Jim’s Tech Talk
By Jim Langley
Because you can’t have enough bicycle tools, it got me thinking of some lesser-known yet highly useful items budding mechanics might want to ask for – or that you might want to surprise your grease monkey with.
So, I’m pointing five of these out this week and explaining what sets them apart. The thing about giving tools as gifts is that every time they use it they’ll think of you. And good tools can last so long they get handed down.
Efficient Velo Tools Knuckle Saver Pedal Wrench Adapter
It kind of looks like it, but no, it’s not that dreaded coal chunk for bad boys and girls. Rather, it’s a one-of-a-kind problem-solver from the inventive mind of Brett Flemming at Efficient Velo Tools (EVT for short).
What this tool does is in its name – it saves your knuckles. It’s for use with pedals that can only be installed and removed by inserting an Allen wrench into the end of the pedal axle – such as modern Look brand pedals. When the Allen wrench is in this position on the right pedal, it’s precariously close to the sharp pointed edges of the chainrings. And, because it can take a lot of force to loosen pedals, it’s easy to slip and cut yourself.
The Knuckle Saver is inserted into the back of the pedal just like you would use the Allen wrench to remove the pedal. And, it’s available in both 8 and 6mm sizes. Be sure to check your mechanic’s pedals to get the correct size Knuckle Saver. Or if you know they work on many bikes, get both!
Once in place, to install or remove pedals with the Knuckle Saver you use a standard 15mm pedal wrench (photo). It fits perfectly on the flats of the tool. The geometry of the Knuckle Saver places the wrench in front of the crankarm so your hand is outside the chainrings where they’re less likely to get hurt. Also, you get much more leverage from a pedal wrench turning the Knuckle Saver than you do with even the largest Allen Wrench.
The Knuckle Saver is a small tool that may not look impressive, but once they try it, they’ll love how much easier and safer it is to install and remove their Allen-type clipless pedals.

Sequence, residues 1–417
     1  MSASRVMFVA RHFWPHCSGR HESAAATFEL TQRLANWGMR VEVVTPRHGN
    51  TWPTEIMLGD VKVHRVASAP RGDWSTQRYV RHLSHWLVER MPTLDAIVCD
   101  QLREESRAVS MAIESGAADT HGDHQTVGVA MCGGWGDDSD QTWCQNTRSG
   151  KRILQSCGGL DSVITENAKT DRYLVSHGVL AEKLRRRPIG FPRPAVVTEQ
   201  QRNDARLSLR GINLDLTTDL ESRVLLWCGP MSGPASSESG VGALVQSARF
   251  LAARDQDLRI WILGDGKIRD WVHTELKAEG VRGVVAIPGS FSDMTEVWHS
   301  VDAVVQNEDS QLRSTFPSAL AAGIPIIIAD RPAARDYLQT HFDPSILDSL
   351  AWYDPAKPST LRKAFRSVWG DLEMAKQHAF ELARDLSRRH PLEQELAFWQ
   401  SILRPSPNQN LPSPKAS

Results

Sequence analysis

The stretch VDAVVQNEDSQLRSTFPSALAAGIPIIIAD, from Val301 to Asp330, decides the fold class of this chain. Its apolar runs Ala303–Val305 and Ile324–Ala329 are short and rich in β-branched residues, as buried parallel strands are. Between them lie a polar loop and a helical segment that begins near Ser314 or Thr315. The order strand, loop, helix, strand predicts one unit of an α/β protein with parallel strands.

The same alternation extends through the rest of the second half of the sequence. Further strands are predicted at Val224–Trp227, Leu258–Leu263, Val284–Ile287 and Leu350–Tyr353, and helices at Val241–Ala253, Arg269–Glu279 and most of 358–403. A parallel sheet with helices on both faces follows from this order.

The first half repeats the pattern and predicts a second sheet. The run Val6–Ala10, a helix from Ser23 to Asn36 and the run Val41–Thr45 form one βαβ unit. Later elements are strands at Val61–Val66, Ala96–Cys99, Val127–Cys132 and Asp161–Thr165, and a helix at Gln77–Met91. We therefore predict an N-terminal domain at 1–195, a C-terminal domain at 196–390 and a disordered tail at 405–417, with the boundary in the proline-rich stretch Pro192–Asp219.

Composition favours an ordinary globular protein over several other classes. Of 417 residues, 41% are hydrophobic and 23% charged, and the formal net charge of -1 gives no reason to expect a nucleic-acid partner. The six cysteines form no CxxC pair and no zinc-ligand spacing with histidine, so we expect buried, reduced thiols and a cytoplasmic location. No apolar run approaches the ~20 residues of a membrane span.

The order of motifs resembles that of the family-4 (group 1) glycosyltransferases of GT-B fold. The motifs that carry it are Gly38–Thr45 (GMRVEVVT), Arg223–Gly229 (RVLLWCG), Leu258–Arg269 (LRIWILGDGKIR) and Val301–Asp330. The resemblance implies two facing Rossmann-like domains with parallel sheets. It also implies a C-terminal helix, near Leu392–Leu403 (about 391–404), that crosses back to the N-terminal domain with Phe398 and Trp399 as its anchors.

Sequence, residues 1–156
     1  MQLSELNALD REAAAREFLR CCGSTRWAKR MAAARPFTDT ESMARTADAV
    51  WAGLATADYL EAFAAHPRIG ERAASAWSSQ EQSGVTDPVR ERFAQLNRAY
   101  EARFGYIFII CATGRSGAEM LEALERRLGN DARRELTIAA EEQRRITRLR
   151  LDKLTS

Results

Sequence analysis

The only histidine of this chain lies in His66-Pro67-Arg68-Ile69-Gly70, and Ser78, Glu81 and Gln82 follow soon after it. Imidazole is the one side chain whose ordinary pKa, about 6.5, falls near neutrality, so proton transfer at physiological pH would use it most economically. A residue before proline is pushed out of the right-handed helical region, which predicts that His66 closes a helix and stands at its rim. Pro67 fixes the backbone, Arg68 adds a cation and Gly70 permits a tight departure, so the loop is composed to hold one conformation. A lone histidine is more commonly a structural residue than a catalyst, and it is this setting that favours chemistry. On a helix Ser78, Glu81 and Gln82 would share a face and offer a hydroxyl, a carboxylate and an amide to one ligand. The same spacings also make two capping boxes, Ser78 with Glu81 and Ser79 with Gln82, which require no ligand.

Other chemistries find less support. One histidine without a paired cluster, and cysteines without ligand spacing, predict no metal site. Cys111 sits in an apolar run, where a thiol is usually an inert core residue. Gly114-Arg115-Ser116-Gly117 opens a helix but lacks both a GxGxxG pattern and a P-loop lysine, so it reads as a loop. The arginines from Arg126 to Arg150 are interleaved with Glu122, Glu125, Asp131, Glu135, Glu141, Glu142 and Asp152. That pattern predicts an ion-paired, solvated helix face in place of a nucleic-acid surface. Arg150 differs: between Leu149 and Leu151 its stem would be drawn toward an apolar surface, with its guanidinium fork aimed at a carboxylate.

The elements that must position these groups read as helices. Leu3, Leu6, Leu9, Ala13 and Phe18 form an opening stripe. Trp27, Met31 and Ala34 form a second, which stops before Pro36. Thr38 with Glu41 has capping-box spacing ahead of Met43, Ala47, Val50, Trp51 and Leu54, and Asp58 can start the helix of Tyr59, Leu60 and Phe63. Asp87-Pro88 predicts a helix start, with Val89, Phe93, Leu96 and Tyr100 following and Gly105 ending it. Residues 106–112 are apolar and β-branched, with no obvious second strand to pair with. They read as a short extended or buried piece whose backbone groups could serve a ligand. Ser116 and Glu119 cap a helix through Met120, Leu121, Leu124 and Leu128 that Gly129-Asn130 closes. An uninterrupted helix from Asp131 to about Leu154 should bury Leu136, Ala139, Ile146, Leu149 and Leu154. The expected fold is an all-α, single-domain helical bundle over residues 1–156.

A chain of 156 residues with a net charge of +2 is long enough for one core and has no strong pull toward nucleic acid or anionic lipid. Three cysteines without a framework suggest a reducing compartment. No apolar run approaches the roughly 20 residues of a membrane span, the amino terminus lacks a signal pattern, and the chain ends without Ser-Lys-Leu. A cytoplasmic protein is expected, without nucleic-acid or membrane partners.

Park 8-Ounce Shop Hammer
A good hammer is more important than ever for bike mechanics these days, what with bearings and cups you have to essentially beat up to deal with. Park’s 8-ouncer (they make a 21-ounce model, too) is an excellent choice.
It has a precision machined forged-steel striking face on one side for all that hard pounding. And on the other is a non-marring replaceable plastic head for when a softer blow is what’s needed. Because they get both in one hammer, there’s no need for them to buy two hammers anymore (or have an extra one adding more weight and taking up space in their toolbox).
Plus, they’ll appreciate the durable fiberglass shaft and soft touch grip. The Shop Hammer is also nicely balanced for easy and accurate use.
Topeak Shuttle 1.2 Tire Lever
While Topeak calls it the Shuttle, as in singular, if you gift your cyclist this cool tool, they’re actually getting 2 tire levers. It’s just that one of the levers is smaller and clicks into the larger one so that they make one piece. It’s a clever design that makes it less likely they’ll lose a lever, and that keeps the tools compact to take up less space in a seat bag.
Also, the small lever is handy for easier to remove tires, while its big brother works the charm on stubborn tight tires. And, it’s quite oversize to give you enough oomph to unseat even locked-on tubeless tires. What I especially like is the thin tip on the larger lever, which is just what’s required on those tough tubeless treads.
Successful tire removal has as much to do with know how and technique as good tools. These will give them a helping hand they’ll appreciate out there on the road.
Bondhus Ballend Screwdriver Set of 7 (Metric)
While the photo from Bondhus shows only a single tool, I’m recommending you gift them the set of 7 Metric ballend screwdrivers that you’ll get to from the link. That way your present will set them up to be able to turn all the common Allen bolts on bicycles with the convenience of ballend drivers.
If you haven’t used these tools, they’re great for reaching into hard-to-access areas and will turn bolts even when the tool is held at an angle to the fastener of up to 25 degrees. This is a common occurrence with things like bottle cage bolts, brake attaching nuts, stem and seat bolts and even some derailleur adjustment screws.
They’ll really appreciate having these at hand and find many ways to use them. And with the oversize rubber ergonomic handles and durable steel tips (I’ve never worn one out), they’re a joy to use. They’re even shaped so they won’t roll off their workbench.
Park Tool Professional Cable And Housing Cutter
Because professional bicycle cable cutters are expensive, many usually new bike mechanics decide to try to cut cables and housings with ordinary diagonal cutters, which can be purchased for next to nothing. Unfortunately, these tools are hardly up to the task and lead to frustration and sloppy work that can actually cause improper shift and brake adjustment – never a good thing.